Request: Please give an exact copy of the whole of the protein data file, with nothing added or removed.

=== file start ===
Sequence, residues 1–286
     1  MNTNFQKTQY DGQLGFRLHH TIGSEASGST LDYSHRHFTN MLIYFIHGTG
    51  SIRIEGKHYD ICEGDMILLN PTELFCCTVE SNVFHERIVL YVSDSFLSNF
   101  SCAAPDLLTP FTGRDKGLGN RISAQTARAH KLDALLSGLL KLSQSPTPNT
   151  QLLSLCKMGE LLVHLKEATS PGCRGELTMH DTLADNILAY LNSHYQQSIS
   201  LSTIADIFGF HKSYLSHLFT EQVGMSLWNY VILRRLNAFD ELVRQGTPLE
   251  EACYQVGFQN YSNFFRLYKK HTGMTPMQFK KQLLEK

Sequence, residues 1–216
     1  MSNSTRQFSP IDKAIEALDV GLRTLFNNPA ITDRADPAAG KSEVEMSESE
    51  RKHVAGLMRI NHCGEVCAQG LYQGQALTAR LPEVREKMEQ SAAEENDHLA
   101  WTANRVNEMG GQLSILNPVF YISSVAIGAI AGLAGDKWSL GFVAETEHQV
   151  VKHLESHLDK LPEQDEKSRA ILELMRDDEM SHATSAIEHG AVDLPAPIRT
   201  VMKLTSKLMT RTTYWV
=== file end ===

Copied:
Sequence, residues 1–286
     1  MNTNFQKTQY DGQLGFRLHH TIGSEASGST LDYSHRHFTN MLIYFIHGTG
    51  SIRIEGKHYD ICEGDMILLN PTELFCCTVE SNVFHERIVL YVSDSFLSNF
   101  SCAAPDLLTP FTGRDKGLGN RISAQTARAH KLDALLSGLL KLSQSPTPNT
   151  QLLSLCKMGE LLVHLKEATS PGCRGELTMH DTLADNILAY LNSHYQQSIS
   201  LSTIADIFGF HKSYLSHLFT EQVGMSLWNY VILRRLNAFD ELVRQGTPLE
   251  EACYQVGFQN YSNFFRLYKK HTGMTPMQFK KQLLEK

Sequence, residues 1–216
     1  MSNSTRQFSP IDKAIEALDV GLRTLFNNPA ITDRADPAAG KSEVEMSESE
    51  RKHVAGLMRI NHCGEVCAQG LYQGQALTAR LPEVREKMEQ SAAEENDHLA
   101  WTANRVNEMG GQLSILNPVF YISSVAIGAI AGLAGDKWSL GFVAETEHQV
   151  VKHLESHLDK LPEQDEKSRA ILELMRDDEM SHATSAIEHG AVDLPAPIRT
   201  VMKLTSKLMT RTTYWV